This is a 3D rendering and model (in DXF) of a joystick I built when I was a teenager. Somewhere around 25 years ago. I had four microswitches salvaged from old televisions, some scrap wood and a broken piece of plexiglass plus various screws and other bits and bobs.
I first cut a piece of thin plywood for the base. Unlike the model, it was a bit wider so it was rectangular. The next thing I did was cut four pieces from a strip of roughly 1/4" thick scrap wood which had been cut off the edge of a board. The piece of wood which became the handle was already the right size, about 1" square by 5" to 6" long.
I glued the four strips of wood near the base of the handle, arranged as shown in the rendering. That gave me the positions the microswitches had to be. The switches were screwed to four blocks of wood which were themselves screwed to the plywood base from underneath.
What to do for a pivot gave me the most trouble. I found a large wood screw with a spherical head from a snap type cabinet latch. For a pivot bearing I put a cup washer (used under countersunk head screws when you don't want or can't countersink the hole) under the ball and a fender washer with a small center hole above the ball. Three holes were drilled through the fender washer so it could be held to the base, trapping the ball head between it and the cup washer.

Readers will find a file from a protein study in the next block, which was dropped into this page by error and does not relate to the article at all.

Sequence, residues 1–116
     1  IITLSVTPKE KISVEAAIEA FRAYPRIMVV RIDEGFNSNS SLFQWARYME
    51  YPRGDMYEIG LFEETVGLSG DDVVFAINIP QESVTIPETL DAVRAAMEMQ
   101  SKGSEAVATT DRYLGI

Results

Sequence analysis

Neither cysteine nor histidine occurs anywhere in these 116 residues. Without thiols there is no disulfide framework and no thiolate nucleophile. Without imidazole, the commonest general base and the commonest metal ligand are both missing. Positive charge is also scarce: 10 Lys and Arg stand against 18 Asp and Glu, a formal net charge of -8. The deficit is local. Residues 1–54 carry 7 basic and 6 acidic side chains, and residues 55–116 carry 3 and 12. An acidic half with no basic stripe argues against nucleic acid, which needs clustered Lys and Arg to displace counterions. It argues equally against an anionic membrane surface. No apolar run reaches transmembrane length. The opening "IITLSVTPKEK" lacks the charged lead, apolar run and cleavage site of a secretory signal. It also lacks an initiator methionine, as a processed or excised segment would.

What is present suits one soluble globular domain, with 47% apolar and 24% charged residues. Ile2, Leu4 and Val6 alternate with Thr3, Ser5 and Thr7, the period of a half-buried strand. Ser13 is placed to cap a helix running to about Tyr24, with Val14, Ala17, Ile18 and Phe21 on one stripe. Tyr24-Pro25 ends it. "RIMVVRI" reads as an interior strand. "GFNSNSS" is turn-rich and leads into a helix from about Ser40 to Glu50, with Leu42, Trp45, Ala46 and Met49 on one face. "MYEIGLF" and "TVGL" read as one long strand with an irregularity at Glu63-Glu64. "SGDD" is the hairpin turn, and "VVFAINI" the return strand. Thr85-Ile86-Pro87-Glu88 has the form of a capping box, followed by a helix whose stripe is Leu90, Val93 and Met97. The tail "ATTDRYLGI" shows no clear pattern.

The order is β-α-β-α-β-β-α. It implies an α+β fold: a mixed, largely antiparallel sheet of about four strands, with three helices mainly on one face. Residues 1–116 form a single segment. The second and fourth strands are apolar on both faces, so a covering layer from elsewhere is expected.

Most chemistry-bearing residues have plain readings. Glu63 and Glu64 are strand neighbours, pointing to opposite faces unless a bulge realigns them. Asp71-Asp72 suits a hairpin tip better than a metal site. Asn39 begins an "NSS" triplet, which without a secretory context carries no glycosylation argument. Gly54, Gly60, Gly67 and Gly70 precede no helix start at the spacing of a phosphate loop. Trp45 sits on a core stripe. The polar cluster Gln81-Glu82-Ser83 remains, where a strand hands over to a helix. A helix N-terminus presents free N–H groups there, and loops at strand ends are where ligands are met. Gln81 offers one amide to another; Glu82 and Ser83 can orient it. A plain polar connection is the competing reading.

The extra nifty bit was the hole in the base under the cup washer. A flat blade screwdriver inserted through it could be used to turn the ball headed screw to adjust the action of the stick. I set it so the slightest movement of the stick would trip a switch. It was way faster than any commercially produced 2600 compatible stick and more durable thanks to robust construction and the heavy duty microswitches instead of weedy little metal snap domes.
To keep the handle from rotating I drove a long screw into one side of the handle and a long screw on either side of it into the base. That was the crudest part of the whole rig. Took some work on those screws with a file so they wouldn't hang up, but with the stick set to maximum sensitivity that anti rotation screw didn't have to move much.
For the case I cut pieces of a broken plastic horse trailer window and super glued them together. After some sanding to round corners on the case and handle, I sprayed the case light metallic blue and the handle a dark metallic blue.
The only pieces I had to buy was a pair of momentary pushbutton switches (wired in parallel), some multi wire cable and a DE-9 female connector and shell.
I used the stick with my TI-99/4A and my homebuilt 2600 to TI stick adapter. For that I took apart my pair of TI Wired Remote Finger Pinchers and mapped out the diodes inside. I then duplicated that inside a DB-25 shell with a male connector with insert pins. The connector was wide enough I could make two 9 pin ports by super gluing a trapezoid shaped piece of wood in the middle. I could have used a pair of DE-9's but that cost more money and I'd have also needed more wire. I had about 4" of cable to a male DE-9 to connect to the TI. Of course I carefully trimmed the case on my TI beside the joystick port to install screw posts to secure the 2600 stick adapter.
With my homebuilt joystick I could get up to some insane speeds on Hunt the Wumpus.
The stick, along with all my TI gear, is long gone, but I still remember every detail of how I built that joystick. So now I pass along the info to you to experiment upon.